There is hardly ever a dull day on the worlds equity and bond markets. Late last week amid some some gloomy reports on developing country markets and less bullish news about China’s growth rate traders and hedge funds rushed to unload some of their holdings and short sell others. The result -not a surprise- the Dow lost over 300 points in Friday’s trading.However today after a slow start the Dow is currently at 3:23 in the afternoon up 42 points and the panic is subsiding. There is quite possibly going to be slower growth but the overall recovery should continue and if appropriate policy is implemented even strengthen. So long as governments avoid the siren call for austerity.It is this mistaken policy and the widespread erroneous belief that QE will result in serious inflation even in current circumstances that lies behind this nervousness and short term thinking in the markets.
I could be wrong but I don’t believe that markets will be excessively bearish for very long.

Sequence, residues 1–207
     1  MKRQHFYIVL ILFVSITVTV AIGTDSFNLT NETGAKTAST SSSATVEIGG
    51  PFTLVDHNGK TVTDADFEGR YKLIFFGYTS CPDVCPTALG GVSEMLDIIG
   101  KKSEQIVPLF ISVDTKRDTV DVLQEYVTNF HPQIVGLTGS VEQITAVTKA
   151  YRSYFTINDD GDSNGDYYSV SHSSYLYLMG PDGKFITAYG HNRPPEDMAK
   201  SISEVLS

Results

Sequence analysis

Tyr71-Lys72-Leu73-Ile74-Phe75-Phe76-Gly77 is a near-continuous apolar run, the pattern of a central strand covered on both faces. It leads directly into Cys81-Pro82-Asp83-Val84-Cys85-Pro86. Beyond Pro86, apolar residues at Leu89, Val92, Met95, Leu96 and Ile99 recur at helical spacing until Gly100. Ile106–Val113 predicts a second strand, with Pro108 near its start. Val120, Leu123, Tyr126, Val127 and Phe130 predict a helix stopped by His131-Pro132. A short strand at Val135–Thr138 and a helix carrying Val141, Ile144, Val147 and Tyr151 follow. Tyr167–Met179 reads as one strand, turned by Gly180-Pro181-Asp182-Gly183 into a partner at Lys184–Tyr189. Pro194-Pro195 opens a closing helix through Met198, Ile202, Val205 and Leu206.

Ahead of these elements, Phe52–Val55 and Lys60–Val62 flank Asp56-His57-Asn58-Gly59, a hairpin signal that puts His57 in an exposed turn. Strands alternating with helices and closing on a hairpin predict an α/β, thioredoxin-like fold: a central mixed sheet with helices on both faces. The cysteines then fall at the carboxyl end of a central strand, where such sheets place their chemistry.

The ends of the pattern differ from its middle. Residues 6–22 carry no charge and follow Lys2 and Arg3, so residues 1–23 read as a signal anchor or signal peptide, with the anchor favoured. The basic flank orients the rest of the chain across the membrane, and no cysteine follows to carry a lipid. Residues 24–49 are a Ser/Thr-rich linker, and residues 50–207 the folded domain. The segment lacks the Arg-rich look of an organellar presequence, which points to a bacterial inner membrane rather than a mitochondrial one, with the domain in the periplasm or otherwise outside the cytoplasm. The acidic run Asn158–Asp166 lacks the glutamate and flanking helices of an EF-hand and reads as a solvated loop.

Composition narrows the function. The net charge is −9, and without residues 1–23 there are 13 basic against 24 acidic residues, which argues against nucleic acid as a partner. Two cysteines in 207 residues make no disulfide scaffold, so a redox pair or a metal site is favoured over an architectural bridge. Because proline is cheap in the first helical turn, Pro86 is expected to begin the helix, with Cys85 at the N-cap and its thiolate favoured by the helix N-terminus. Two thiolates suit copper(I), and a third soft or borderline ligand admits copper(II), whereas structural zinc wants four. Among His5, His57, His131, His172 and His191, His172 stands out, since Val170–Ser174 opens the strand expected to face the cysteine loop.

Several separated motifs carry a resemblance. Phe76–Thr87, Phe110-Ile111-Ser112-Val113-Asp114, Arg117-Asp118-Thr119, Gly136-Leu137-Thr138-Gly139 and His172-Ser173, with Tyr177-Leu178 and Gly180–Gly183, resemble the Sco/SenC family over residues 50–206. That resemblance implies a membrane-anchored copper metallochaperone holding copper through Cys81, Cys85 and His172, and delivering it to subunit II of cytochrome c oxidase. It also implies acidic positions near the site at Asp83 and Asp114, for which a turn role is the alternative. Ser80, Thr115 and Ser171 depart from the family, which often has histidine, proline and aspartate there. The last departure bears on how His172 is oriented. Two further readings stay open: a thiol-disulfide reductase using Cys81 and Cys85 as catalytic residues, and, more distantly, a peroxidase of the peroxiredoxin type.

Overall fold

I am Professor of political economy at Concordia university in Montréal, Québec, Canada. I received my B.A.Hons (econ.&poli sci) from the University of Manitoba. I also completed my M.A. degree in economics there. Went on to spend two years at the London School of Economics as a Ph.D. student in economics and then completed my Ph.D. in political economy at the University of Toronto. Was named a John W.Dafoe fellow, a CMHC fellow and a Canada Council fellow. I also was named a Woodrow Wilson fellow in 1968 after completing my first class honours undergraduate degree. Worked as an economist in the area of education, labour economics and as the senior economist with the Manitoba Housing and Renewal Corporation for the Government of Manitoba from 1972 to 1978. I also have worked as an economic consultant for MDT socio-economic consultants and have been consulted on urban planning, health policy, linguistic duality and public sector finance questions by the governments of Manitoba, Saskatchewan,the cities of Regina and Saskatoon, Ontario and the Federal government of Canada. I have also been consulted by senior leaders of the British Labour party, MPs from the Progressive Conservative party, the Liberal party and the New Democrats on economic policy questions. Members of the Government of France under the Presidency of Francois Mitterand discussed my work on public sector deficits. I have also run for elected office at the municipal level. I first began to write about quantitative easing as a useful policy option during the early 1980s.